By the time Perkins and Massey died, abortion in the United States – though illegal at all stages of pregnancy in most of the country – was becoming safer. Abortion was the official cause of death of about 2,700 women in 1930, accounting for a fifth of all pregnancy-related deaths that year, according to the reproductive rights nonprofit the Guttmacher Institute. In the 1940s, the development of antibiotics reduced deaths by making it easier to treat infections after abortion. In 1950, about 300 women died following an abortion. 

It’s not clear how many people died following abortions in Mississippi in the 19th and 20th centuries. Vital records held at the state archives did not list abortion as a cause of death until the 1920s, and in some years after that, all pregnancy-related deaths were tallied together. 

Mississippi Today reviewed records from 1927 through 1940 that showed abortion was listed as the cause of death for roughly 30 to 50 women each year. More Black women than white women died: In 1930, for example, abortion was the cause of death for 15 white women and 26 Black women.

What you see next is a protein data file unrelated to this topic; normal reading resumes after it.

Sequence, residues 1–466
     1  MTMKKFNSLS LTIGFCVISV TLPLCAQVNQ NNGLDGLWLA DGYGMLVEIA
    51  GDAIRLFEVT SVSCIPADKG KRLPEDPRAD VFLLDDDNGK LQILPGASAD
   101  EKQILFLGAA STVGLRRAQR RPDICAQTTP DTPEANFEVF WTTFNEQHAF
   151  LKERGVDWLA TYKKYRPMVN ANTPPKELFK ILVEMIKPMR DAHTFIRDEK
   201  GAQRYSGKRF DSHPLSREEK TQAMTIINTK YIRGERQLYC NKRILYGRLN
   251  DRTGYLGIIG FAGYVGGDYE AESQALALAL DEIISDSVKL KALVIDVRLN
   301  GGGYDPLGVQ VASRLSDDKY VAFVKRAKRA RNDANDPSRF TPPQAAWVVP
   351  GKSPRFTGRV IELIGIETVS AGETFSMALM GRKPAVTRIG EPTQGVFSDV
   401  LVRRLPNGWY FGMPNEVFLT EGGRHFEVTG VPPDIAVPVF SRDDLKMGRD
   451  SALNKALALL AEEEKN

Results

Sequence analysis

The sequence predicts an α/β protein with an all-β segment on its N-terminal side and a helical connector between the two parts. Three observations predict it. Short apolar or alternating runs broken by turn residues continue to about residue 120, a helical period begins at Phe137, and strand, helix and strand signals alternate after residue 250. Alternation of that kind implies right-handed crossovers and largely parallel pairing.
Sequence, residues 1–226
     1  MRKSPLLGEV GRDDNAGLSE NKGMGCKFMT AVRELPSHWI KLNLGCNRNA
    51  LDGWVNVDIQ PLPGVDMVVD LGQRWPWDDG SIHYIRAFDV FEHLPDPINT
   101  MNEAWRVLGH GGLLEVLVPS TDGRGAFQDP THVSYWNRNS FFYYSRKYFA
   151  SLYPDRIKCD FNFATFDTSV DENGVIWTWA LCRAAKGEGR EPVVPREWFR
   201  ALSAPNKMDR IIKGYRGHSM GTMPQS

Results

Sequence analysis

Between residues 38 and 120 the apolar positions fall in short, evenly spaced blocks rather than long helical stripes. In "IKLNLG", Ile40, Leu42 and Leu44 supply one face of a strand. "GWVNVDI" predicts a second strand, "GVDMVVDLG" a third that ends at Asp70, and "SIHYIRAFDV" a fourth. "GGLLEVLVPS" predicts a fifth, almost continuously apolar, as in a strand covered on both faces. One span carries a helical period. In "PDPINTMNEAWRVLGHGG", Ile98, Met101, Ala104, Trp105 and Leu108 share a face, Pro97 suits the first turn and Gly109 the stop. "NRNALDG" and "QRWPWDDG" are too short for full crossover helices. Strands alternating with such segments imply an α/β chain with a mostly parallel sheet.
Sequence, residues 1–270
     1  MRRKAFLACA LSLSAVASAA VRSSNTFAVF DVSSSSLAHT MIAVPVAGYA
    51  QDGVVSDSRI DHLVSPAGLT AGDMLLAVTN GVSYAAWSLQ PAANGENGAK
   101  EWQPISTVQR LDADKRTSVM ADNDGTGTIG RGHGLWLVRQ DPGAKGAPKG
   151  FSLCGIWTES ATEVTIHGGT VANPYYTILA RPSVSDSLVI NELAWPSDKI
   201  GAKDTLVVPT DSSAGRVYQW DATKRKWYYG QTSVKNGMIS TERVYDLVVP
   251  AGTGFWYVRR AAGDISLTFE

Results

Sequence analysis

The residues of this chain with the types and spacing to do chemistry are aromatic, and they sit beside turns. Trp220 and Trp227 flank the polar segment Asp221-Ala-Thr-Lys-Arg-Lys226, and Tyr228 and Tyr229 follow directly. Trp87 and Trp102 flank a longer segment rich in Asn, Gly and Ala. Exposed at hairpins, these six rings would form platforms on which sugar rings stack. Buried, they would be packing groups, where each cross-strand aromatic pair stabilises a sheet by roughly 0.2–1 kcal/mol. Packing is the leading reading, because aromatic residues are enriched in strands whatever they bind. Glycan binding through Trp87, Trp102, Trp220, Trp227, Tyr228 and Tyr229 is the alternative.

In 1952, the Mississippi Medical Association asked the Legislature to pass a stricter abortion law. Lawmakers obliged, prohibiting the procedure at all stages of pregnancy. 

The new law said someone who provided an abortion could be charged with manslaughter and sentenced to one to 10 years in prison. If the woman died, the crime was murder. The only exception was to save the life of the mother, and the law required two doctors to make that determination in writing. 

Pro-life advocates often point out that women were rarely prosecuted for their own abortions prior to Roe. Historians largely agree, but that fact doesn’t account for the public shame and pressure to cooperate with law enforcement women could endure during trials of doctors and partners, Mary Ziegler, a law professor and expert on abortion history, has written. 

Mississippi’s 1952 abortion ban didn’t explicitly prohibit such prosecutions. Mississippi Today found that at least one woman was arrested and charged with her own attempted abortion after she refused to cooperate with the investigation of two men involved.

In September 1962, Jackson police got a tip: An abortion was set to take place in a few days at a Travel Inn Motel on Highway 51, just outside of the city. Officers waited outside Room 152. They would later say they could smell a chemical odor, like a powerful disinfectant, wafting out of the room, and heard the clanking of metal instruments or furniture being moved. 

When they opened the door, they found a woman named Mary Ann Aiken hiding in the bathroom, covered in a sheet and holding her skirt in her hand. She was arrested for participating in her own abortion and taken to a hospital for a medical examination.